Recently I have seen a number of discussions and posts discussing ways to follow-up on NPS surveys. Strangely, the writers seem to focus on transforming NPS, which is a quantitative survey with rigorous interpretation methodology into a qualitative interview, where insights are gained from reading customers’ comments or follow-up interviews to ‘drill down’ for the reasons behind the ratings. This accentuates the challenge with NPS results being non-actionable, and poses several additional problems we must think about and offer other methods to supplement the ratings.

First, let’s discuss the reasons for not using comments and interviews for extra insights from surveys:

  1. Sample size is always a concern for surveys. Comments are not always filled by customers, therefore the sample size is further reduced
  2. The manual nature of interviews will inevitably make scalability and cost a concern, further reducing sample size
  3. With global operations, language and time zones may eliminate a portion of the customers due to your inability to conduct interviews or correctly interpret comments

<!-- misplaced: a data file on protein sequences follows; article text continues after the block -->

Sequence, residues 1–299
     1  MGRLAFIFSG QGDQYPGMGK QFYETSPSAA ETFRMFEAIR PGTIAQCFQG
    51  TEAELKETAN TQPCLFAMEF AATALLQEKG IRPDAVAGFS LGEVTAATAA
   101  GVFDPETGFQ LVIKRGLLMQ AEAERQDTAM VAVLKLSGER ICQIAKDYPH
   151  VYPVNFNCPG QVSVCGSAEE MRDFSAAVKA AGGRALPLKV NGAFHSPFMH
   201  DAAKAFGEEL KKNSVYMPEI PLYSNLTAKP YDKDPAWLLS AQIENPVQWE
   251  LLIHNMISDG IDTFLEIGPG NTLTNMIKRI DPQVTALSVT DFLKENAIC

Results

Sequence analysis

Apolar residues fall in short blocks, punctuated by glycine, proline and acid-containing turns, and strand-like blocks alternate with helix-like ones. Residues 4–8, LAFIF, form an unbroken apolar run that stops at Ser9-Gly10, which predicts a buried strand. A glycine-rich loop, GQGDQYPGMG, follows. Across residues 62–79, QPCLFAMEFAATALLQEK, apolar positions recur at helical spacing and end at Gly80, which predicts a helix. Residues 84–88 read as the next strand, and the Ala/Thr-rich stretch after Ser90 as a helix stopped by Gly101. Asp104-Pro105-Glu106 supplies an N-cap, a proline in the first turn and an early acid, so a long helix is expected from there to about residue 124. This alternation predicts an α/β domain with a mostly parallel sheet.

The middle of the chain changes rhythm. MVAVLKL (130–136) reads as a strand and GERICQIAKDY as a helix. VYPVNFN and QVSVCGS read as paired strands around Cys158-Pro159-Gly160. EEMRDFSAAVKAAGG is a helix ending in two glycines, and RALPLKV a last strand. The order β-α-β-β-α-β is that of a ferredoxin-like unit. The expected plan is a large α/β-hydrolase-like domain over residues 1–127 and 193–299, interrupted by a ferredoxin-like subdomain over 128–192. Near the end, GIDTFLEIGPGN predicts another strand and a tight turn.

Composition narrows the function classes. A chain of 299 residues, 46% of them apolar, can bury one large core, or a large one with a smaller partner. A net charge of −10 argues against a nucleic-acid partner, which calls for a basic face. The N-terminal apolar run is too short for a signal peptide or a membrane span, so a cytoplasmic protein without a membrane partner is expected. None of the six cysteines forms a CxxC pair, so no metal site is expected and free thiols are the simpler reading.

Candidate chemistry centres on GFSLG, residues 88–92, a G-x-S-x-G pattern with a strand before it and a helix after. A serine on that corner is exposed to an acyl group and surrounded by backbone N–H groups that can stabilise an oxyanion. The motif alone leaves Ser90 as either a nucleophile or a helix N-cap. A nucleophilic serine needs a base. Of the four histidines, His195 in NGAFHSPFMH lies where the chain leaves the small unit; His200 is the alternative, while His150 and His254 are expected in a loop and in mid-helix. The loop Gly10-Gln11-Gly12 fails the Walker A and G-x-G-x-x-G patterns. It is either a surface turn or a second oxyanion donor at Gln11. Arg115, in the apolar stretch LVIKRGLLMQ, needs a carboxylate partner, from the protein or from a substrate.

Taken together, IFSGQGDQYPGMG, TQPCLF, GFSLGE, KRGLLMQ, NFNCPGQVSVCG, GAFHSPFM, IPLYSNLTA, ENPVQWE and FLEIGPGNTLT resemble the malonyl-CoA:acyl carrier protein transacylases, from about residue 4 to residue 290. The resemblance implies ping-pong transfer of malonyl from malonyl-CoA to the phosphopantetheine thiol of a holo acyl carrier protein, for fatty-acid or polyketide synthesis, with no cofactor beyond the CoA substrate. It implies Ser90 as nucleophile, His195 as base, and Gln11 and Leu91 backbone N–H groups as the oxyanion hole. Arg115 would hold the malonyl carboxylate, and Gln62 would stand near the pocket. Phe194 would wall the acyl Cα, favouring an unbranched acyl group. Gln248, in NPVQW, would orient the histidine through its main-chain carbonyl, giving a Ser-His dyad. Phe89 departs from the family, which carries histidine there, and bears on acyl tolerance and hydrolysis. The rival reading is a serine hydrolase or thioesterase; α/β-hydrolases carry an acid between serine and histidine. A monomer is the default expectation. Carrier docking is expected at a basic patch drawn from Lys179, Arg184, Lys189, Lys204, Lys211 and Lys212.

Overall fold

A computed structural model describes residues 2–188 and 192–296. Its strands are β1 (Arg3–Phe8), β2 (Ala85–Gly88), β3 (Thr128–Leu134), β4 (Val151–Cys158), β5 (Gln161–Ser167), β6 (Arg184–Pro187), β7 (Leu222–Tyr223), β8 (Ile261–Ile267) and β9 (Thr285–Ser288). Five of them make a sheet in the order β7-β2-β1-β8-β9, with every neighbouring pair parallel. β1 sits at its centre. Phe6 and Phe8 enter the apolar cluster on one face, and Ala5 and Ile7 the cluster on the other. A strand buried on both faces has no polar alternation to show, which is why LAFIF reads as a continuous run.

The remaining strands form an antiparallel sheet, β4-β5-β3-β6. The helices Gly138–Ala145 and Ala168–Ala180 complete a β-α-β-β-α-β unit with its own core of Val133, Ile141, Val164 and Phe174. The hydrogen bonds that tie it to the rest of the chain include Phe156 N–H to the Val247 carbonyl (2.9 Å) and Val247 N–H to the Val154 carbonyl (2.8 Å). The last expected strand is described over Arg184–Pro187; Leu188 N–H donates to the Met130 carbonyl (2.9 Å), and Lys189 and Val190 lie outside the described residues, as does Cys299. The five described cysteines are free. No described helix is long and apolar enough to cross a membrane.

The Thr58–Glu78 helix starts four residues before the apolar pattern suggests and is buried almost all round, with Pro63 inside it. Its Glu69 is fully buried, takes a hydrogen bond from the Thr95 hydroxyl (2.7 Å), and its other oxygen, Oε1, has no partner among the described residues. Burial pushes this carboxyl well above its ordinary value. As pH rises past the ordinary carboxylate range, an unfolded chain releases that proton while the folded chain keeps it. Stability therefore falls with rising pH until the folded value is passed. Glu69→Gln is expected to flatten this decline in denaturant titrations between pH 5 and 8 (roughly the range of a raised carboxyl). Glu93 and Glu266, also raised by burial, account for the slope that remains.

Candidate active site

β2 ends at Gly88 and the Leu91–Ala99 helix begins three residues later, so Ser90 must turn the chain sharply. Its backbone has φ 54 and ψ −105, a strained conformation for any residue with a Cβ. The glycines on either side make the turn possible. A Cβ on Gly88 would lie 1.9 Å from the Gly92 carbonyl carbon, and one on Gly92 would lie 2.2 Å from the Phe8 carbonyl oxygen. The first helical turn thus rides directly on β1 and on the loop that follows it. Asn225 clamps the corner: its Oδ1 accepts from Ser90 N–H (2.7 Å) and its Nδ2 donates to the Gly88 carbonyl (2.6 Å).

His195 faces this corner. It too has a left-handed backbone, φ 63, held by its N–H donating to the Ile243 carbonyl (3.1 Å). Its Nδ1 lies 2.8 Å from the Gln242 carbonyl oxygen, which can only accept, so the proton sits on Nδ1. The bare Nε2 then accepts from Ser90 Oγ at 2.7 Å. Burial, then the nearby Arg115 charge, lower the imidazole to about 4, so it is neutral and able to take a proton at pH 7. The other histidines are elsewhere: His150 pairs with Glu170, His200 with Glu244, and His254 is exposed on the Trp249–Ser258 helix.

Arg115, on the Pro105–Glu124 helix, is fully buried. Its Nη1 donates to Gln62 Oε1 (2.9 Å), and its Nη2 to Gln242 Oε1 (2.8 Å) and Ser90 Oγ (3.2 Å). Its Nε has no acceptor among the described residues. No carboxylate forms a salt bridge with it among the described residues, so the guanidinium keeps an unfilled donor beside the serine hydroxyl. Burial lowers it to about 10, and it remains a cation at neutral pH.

4. Confirmation bias, where interviewers and comment readers only account for responses that confirm existing concepts, may pose a significant threat to the success of the survey program
  5. Discrepancies between comments and actual drivers of dissatisfaction are well documented. Relying on comments only will prevent you from confirming the comments via metrics

Now, should you read survey comments, or interview customers who rate you poorly? Absolutely, but do not confuse that for your main insights. Comments and interviews provide illustration to the broader conclusion you derive from researching the details of the survey and correlating them with your operational and demographic information.

So, how should you go about analyzing the responses from your NPS survey in greater detail?